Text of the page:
The 2010 Ohio River Sternwheel Festival officially begins at 6 p.m. today, and organizers expect this year's event will be a real crowd-pleaser.
"It's tough to estimate how many people will be here over the weekend," said Dave Salzman, the festival's director general.
"This is a free event and there are so many people who gather along the Ohio River levee, on the river banks in Harmar, and across the river in Williamstown, but we believe somewhere between 85,000 and 100,000 people will attend this year," he said.
On Thursday Salzman, who has been involved with the event for 27 years now, said last-minute preparations were ahead of schedule.
"Things have been going well, and we haven't had a lot of major issues," he said. "This is our 35th year and we've been working hard to put together a great event."
Salzman said a host of volunteers make the festival happen, including some from area labor organizations.
5 things to know about the Sternwheel festival:
1. Opening ceremonies are at 6 p.m. today. Local musicians Steve and Bev Pottmeyer kick off the entertainment at 7 p.m., followed by Columbus-based Phil Dirt and the Dozers at 8 and "America's Got Talent" season four winner Kevin Skinner at 9:30.
2. Tours of the USS LST-325, which participated in the D-Day invasion of Normandy in 1944, are being offered from 9 a.m. to 5 p.m. today through Tuesday. The cost is $10 a person or $20 for immediate family.
3. Saturday's main attraction - the Harry J. Robinson Fireworks Display - will feature pyrotechnics launched from the Williamstown Bridge as well as the Ohio River. That means extra visual flare and some additional delays, as the bridge will be closed to pedestrian traffic beginning at 9 a.m. Saturday.
4. Sunday's sternwheel races are a throwback to the Steamboat Era of the 1840s to the early 1900s, when steamboats were a major transportation source for moving people and goods. The steamboat races of those days were the main form of advertising a boat's speed.
5. The cost for admission to most festival events - free.
Coverage of the festival's opening night.
Origins of sternwheelers' names.
The festival's economic impact.
A look back at an unusual Sternwheel Festival proposal.
Bryan Nichols with International Brotherhood of Electrical Workers Local 972 said for the last 15 years union workers have volunteered to help provide electricity for vendors at the Sternwheel Festival.
"A supervisor, four or five journeymen, and apprentices go down every year," he said. "The vendors bring their own wiring and equipment, but they're not allowed to hook into the electrical boxes, so our volunteers are there to make the connections and everything's ready when the electrical inspector comes through."
The workers spend a few hours helping with the setup Thursday night, then return Sunday to uncouple the equipment.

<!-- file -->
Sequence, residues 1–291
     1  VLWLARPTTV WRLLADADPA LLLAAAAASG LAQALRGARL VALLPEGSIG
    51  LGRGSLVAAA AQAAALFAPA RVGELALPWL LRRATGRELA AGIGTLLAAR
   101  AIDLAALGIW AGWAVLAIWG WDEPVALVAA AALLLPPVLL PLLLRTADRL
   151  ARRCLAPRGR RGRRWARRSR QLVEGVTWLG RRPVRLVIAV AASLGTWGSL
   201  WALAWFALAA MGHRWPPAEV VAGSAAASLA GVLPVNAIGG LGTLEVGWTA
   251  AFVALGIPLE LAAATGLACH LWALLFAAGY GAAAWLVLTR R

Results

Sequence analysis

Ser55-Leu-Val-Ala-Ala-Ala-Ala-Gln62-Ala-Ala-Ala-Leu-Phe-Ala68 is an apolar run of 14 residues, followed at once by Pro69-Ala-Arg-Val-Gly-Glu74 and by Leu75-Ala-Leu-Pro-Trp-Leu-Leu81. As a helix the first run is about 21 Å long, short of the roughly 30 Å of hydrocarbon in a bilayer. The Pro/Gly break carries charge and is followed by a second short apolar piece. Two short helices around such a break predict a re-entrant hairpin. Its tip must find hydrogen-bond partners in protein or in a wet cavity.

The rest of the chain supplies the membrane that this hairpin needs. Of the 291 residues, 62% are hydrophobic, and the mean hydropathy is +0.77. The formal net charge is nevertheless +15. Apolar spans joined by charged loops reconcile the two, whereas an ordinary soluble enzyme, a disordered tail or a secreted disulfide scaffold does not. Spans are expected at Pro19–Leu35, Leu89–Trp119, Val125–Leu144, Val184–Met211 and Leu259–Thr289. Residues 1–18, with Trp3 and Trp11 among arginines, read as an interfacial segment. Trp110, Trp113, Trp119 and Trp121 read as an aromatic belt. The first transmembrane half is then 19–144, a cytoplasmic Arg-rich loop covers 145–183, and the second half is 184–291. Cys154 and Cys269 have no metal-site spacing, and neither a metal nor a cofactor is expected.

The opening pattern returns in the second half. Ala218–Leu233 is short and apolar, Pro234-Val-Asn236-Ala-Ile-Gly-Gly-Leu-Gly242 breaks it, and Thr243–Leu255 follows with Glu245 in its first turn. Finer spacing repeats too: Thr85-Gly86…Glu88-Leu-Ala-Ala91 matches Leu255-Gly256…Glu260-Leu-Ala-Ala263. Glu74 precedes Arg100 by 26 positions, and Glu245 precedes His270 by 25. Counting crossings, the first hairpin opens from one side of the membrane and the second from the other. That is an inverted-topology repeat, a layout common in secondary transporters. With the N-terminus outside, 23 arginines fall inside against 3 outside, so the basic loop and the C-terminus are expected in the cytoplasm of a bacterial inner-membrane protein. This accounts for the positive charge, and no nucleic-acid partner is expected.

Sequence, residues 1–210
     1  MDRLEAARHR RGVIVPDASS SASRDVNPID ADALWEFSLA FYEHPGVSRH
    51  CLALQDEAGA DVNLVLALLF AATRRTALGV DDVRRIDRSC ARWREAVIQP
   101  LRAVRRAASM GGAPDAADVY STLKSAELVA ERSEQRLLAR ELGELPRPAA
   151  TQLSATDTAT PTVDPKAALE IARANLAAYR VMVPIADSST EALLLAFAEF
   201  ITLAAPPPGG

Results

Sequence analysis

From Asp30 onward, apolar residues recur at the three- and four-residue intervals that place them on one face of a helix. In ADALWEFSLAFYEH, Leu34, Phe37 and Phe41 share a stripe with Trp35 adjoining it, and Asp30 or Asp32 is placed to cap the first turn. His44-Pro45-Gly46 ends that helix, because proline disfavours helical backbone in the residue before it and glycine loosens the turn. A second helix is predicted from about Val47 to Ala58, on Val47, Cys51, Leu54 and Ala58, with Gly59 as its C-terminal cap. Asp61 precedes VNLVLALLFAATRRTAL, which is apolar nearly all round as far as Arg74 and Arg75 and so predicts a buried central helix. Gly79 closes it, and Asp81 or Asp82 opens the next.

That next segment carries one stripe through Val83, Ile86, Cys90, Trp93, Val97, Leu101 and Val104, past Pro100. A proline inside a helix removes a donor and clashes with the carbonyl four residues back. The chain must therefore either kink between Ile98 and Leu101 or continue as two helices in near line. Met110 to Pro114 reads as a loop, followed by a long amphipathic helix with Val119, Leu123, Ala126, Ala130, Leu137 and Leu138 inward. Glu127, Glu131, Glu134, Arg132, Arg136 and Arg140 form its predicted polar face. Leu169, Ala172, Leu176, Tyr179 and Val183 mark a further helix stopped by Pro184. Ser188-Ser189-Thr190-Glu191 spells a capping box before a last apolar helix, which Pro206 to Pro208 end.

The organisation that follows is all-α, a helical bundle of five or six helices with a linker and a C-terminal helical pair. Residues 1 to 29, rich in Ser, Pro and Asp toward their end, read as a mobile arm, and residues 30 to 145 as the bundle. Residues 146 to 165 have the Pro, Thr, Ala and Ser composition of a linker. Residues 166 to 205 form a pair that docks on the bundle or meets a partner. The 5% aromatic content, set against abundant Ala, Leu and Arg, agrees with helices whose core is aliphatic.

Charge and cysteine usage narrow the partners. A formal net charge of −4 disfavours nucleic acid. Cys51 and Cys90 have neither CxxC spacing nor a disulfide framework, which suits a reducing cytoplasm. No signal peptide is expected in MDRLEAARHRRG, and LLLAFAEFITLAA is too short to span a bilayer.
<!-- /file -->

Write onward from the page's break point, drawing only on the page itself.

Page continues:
"The union volunteers help out a great deal, and they do a nice job every year," Salzman said, adding that vendors are especially appreciative because they don't have to worry about their connections meeting local electrical codes for the event.
R.J. Van Almen and Abby Geiselman from the Canton area were grateful for the IBEW's help with power for their Flight of the Concessions vendor trailer.
"This is our first year here, and of the 28 events we're doing this year we've been looking forward to this one the most," Van Almen said.
The annual Captains Gathering dinner was held Thursday under tents on the lawn near the corner of Fourth and Ohio streets.
Bill Pope and his father, George Pope, traveled from Sugar Creek in Holmes County to bring their "Georgie Peach" sternwheeler to the festival. Unfortunately George, 83, became ill and had to return home Wednesday, leaving co-pilot Bill in charge of the 32-foot vessel.
"He wants to come back later this weekend," Bill Pope said. "We missed being here for about five years, and he wanted to come down this year. We're always treated so well here."
Bill said his dad built the "Georgie Peach" after attending one of the early Ohio River Sternwheel Festivals in Marietta.
"He wanted to build his own sternwheeler, and he did," Bill said. "It took a couple of years, but we finally finished it in the late 1980s or early 1990s."
The Popes' sternwheeler is among 25 or more berthed along the Ohio River levee during this weekend's event.
Kristin Sampson of Waterford, crowned Queen Genevieve during the 2009 Ohio River Sternwheel Festival, welcomed the riverboat pilots to Marietta for the 2010 event.
Sampson's reign officially ends Saturday with the crowning of a new Queen Genevieve. But she's enjoyed representing the festival at various events throughout the year, and put the $1,500 in scholarship funding to good use.
"I'm currently attending The Ohio State University, majoring in strategic communications with a minor in graphic design," she said.
Another festival kickoff event was Thursday's annual Rockin' Rib Fest at the Lafayette Hotel parking lot where early festival-goers enjoyed plates of ribs and pulled pork sandwiches while enjoying rock and roll entertainment from local band Cold Shot.
"The rib fest has been sponsored by the (Marietta Area Convention and Visitors Bureau) in the past, but they decided not to do it this year, so the Lafayette has taken it over," said Sheila Rhodes, hotel general manager.
"Our guests for the Sternwheel weekend have come to expect this event, and we're seeing more people coming in on Thursday, so it's really turned out well," she said. "And it brings more people to town for an extra day."
Opening ceremonies for the 2010 Ohio River Sternwheel Festival begin at 6 p.m. today along the Ohio River levee.